Recently in the revolving door of meaningless sports events, a basketball team from Canada won the NBA finals. It was the first time they’d ever won a championship. An important player for the team whose play helped push them over the edge to victory was a guy by the name of Fred VanVleet (okay non sports fans, try to stay with me, I promise this isn’t some botched, dry analysis of the NBA season that was). Anyways, back to Fred VanVleet. Undersized and overlooked, Fred actually went undrafted. This means that nobody thought he was very good. As the cliche so often has it, hard work and dedication paid off for Fred. He finally got his due. In his big moment on the world’s biggest basketball stage, he excelled and everyone saw what he was capable of. His glory shone through and he finally proved all the critics and doubters and haters wrong. Or something like that.
Following the game, sportscaster Scott Van Pelt was hosting Sportscenter and lauded him for what has become Fred’s catchphrase as of late: bet on yourself. When I heard Scott praise this, something inside me turned upside down. Bet on yourself? Ha! Preposterous, absurd, empty, and hopeless. And then it occurred to me that the whole world of sports revolves around and rests on this notion. Maybe the whole world for that matter. Promote yourself, dominate, achieve, crush your opponents. And when victorious, who else should the glory go to but you? You did it, after all.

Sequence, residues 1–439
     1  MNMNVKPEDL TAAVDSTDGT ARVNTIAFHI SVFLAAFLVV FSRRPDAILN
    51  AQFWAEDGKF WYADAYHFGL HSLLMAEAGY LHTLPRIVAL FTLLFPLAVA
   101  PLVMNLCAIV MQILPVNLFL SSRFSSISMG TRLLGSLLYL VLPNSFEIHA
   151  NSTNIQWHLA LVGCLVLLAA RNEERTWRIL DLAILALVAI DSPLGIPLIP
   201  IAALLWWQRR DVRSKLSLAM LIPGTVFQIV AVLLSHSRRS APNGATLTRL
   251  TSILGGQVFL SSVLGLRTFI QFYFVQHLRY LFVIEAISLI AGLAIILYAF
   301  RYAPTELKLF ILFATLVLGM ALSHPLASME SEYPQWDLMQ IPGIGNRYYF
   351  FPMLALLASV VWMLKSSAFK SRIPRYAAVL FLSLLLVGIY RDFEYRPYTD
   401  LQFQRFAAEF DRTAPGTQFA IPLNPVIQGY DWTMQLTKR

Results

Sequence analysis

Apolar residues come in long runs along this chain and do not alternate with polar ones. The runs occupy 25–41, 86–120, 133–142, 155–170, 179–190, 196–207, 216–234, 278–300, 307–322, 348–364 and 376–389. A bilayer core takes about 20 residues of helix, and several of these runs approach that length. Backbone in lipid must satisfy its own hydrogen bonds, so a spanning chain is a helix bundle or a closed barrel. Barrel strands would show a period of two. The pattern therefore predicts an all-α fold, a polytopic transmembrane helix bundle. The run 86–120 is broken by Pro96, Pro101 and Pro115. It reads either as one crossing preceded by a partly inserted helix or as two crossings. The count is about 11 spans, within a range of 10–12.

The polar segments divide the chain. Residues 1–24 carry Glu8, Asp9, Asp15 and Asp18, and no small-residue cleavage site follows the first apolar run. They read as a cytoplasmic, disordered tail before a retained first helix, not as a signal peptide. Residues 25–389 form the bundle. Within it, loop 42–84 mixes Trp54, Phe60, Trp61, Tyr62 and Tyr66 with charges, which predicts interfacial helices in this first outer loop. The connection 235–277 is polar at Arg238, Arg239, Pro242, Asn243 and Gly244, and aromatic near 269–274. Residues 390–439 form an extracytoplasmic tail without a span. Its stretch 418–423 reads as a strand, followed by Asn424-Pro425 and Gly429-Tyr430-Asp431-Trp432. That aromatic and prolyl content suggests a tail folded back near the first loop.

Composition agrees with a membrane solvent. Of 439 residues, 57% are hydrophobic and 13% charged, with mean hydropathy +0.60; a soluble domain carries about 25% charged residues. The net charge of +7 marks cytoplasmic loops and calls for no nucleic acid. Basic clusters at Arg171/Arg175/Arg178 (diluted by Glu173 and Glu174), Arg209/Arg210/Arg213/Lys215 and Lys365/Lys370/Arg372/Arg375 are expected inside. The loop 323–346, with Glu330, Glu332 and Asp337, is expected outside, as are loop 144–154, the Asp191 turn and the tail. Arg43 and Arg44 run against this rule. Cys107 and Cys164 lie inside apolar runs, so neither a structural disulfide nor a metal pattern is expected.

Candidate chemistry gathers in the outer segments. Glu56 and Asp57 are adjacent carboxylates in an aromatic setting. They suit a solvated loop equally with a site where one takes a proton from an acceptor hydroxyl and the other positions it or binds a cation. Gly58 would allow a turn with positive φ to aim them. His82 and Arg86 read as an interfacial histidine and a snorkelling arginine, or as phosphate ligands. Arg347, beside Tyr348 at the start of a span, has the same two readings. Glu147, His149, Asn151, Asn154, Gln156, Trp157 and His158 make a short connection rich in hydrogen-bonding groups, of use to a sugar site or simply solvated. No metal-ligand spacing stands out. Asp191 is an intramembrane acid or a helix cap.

I can hardly think of three words in more stunted opposition to the gospel than bet on yourself. Jesus hears this and comes quietly in the room, looks us in the eye, and says ‘bet on me.’ In a world as lost, marred, pained, mangled, broken, and hurting as ours, this philosophy comes as no surprise and even makes a bit of sense. Tired and wary of others who have hurt us, beat us, robbed us, lied to us, failed us, cheated on us, stolen from us, gossiped about us, betrayed us, sneered at us, rejected us, and hated us, betting on one’s self appears to be far safer than betting on anyone else.
And yet if we do, we will be hopelessly empty and deeply dissatisfied in the end. We will be missing out on the real thing. The uncreated and coeternal Trinity invites us into something so much bigger than merely betting on ourselves. Something lasting and poetic. Something lavish and true.
I have been thinking a lot lately about John The Baptist’s words in John 3: “He must increase, but I must decrease.” These seven words, I believe, one could spend a lifetime meditating on and yearning to live more closely by. For me, it is a helpful question of continual re-centering. “Kevin, are you seeking to increase? Or are you seeking for Him to increase? Both cannot be.” Either I grow me, my flesh, my identity, my ego, and my name. Or I let Him grow. These must be mutually exclusive. I confess that almost all of my life is spent with my own increase in mind. But hearing something as hollow and absurd as ‘bet on yourself’ invites me again to seek my own decrease and to bet on, not Kevin, but rather He who is much greater than I.